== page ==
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March 2013

Dear friends,

What encouragement we have been given by more folk wanting to join us in membership! At each service of admission of new members our own commitment has been challenged as we have rehearsed in our hearts the vows taken by those professing faith. In the recent Enquirers' Classes, perhaps the vow which has caused the biggest intake of breath has been the fourth one:

I promise to give a fitting proportion of my time, talents and money for the church’s work in the world.

Underpinning this vow is the principle of generosity, a quality which is lacking in our day, in particular during a global recession. The culture of materialism and of consumerism and of self-centredness has pervaded all sectors of society, including the Christian church.

Why give?

Total surrender

Christian generosity is merely the outworking of our total surrender to Jesus Christ. This is not to say that there are not generous non-Christians. Indeed many philanthropists with no knowledge of Christ have often given more generously to the poor than professing believers. But embedded in the Christian notion of generosity is that of a life consecrated to the service of Christ and His kingdom. This is what made a group of Christians in Macedonia, who were considered to be living in poverty, to give so generously to those in hardship in Jerusalem. The liberality of their giving to people of another race and culture stemmed from their wholehearted commitment, from their first having ‘given themselves to the Lord’ (2 Corinthians 8: 5). Their generosity was an expression of their love of Jesus and their concern for his disciples. As the missionary to India, Amy Carmichael, said: ‘You can give without loving. But you cannot love without giving’.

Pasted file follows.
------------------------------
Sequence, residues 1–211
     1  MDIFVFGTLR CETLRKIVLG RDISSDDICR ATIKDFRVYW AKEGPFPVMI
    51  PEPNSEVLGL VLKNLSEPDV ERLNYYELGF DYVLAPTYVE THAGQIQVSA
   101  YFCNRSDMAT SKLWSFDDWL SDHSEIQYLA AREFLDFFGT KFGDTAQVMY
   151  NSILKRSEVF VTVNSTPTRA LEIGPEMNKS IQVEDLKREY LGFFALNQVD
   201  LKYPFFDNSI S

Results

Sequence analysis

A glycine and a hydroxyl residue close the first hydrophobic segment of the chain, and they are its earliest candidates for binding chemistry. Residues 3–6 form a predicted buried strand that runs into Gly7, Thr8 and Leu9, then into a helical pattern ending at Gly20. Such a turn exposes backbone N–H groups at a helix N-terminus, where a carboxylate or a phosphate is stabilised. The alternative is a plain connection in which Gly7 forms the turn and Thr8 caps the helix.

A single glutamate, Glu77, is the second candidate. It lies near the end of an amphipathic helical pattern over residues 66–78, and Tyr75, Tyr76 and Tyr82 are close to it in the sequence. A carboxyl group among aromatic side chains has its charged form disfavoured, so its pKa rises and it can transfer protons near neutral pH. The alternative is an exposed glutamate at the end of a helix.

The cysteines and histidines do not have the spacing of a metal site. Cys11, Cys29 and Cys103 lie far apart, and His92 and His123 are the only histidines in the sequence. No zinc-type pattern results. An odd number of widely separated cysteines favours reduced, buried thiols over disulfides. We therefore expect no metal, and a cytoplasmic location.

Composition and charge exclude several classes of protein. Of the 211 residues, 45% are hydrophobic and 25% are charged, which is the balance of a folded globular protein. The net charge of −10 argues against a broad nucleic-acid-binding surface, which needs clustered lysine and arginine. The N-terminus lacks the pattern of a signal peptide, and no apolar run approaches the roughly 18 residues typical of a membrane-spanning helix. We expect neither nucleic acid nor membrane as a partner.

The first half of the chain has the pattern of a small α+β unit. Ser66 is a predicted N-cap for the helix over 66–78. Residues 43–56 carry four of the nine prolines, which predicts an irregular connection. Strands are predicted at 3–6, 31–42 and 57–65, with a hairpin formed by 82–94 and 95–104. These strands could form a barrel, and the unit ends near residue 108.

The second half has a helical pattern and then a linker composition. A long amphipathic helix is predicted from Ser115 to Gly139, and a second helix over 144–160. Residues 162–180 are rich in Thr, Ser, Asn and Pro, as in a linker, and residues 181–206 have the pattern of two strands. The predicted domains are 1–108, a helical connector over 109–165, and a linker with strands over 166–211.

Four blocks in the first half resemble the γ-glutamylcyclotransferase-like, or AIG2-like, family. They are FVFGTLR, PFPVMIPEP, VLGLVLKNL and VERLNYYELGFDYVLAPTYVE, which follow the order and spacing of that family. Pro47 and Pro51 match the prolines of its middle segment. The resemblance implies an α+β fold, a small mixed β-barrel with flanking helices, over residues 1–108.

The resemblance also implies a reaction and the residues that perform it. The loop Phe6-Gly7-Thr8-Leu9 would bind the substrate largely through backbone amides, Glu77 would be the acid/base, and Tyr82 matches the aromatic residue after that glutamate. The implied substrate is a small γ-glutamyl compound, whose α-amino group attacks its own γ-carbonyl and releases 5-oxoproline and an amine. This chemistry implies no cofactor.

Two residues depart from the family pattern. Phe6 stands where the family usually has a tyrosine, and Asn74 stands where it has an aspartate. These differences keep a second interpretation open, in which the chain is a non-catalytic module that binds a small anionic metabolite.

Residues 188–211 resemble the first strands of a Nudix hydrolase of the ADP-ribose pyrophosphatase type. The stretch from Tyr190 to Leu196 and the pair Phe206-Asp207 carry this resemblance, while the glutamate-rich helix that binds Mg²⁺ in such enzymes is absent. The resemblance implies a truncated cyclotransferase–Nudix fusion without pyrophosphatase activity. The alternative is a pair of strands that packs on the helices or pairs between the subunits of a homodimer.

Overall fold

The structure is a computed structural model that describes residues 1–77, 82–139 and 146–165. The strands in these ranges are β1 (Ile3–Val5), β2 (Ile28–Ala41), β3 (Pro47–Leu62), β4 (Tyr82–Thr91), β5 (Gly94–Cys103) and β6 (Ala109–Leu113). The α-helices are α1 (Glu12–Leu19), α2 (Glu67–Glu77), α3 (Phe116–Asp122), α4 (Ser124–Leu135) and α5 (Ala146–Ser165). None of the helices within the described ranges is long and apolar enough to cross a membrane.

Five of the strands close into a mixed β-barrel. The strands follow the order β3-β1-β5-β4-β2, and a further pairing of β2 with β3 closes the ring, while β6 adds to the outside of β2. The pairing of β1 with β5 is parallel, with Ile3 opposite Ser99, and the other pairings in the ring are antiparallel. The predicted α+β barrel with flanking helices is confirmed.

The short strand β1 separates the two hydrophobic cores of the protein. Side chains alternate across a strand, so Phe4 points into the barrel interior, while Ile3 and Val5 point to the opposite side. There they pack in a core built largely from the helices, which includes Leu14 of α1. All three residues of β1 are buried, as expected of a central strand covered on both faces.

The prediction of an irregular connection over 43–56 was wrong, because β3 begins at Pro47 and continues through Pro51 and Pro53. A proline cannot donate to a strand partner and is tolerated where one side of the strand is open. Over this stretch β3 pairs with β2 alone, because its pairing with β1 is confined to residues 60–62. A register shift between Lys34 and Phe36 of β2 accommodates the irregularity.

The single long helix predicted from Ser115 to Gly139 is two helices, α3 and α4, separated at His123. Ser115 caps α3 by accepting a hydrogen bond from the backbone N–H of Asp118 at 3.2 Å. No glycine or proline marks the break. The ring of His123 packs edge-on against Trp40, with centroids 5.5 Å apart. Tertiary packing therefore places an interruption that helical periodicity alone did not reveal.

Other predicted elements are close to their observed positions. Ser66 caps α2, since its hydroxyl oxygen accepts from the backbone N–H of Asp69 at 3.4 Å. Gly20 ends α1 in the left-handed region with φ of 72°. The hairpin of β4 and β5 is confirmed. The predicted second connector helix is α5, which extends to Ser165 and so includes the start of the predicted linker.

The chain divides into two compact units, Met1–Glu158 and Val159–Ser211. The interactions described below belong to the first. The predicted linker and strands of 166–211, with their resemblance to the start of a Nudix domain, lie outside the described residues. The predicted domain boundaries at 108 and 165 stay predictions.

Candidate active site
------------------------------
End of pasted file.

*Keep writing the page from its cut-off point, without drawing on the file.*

Sometimes, giving of our substance can be easier than offering ourselves. There is a wonderful story, which I heard many years ago without being able to trace its origin, of a young boy, who, at the time of the collection, had nothing to offer the Lord but the shorts he was wearing. In an African agrarian culture in which crops and livestock were part of the offering, the boy jumped onto the vast collecting tressels, symbolically offering himself.


Our giving is also a token of our thanksgiving to God who emptied the heavenly treasury in sending Jesus to be our Saviour. Giving is a reminder of all the riches we possess through Christ’s willing sacrifice of himself:

You know the grace of our Lord Jesus Christ, that though he was rich, yet for our sakes he became poor, that we, through his poverty, might be made rich. (2 Corinthians 8: 9)

Jesus gave up His position of power and of honour in order that we might be able to share his inheritance. Murray McCheyne, in a famous sermon in 1838 on ‘More blessed to give than to receive’ posed the question of what it would have been like if Christ had been as ungenerous as we:

Christ might have said, My blood is my own, my life is my own; no man forceth it from me: then where should we have been?

What should we give?

One of the problems here is that generosity is nearly always associated with money. It is so sad to see on so many church buildings posters begging for money for the upkeep of the church or to find that there is a charge to enter some of places of worship, which have taken on museum status and have become merely of historical interest. As our treasurer has often said when deluged by stewardship schemes, ‘it is putting the cart before the horse’. How off-putting, too, in so much TV evangelism, is the aggressive appeal for money.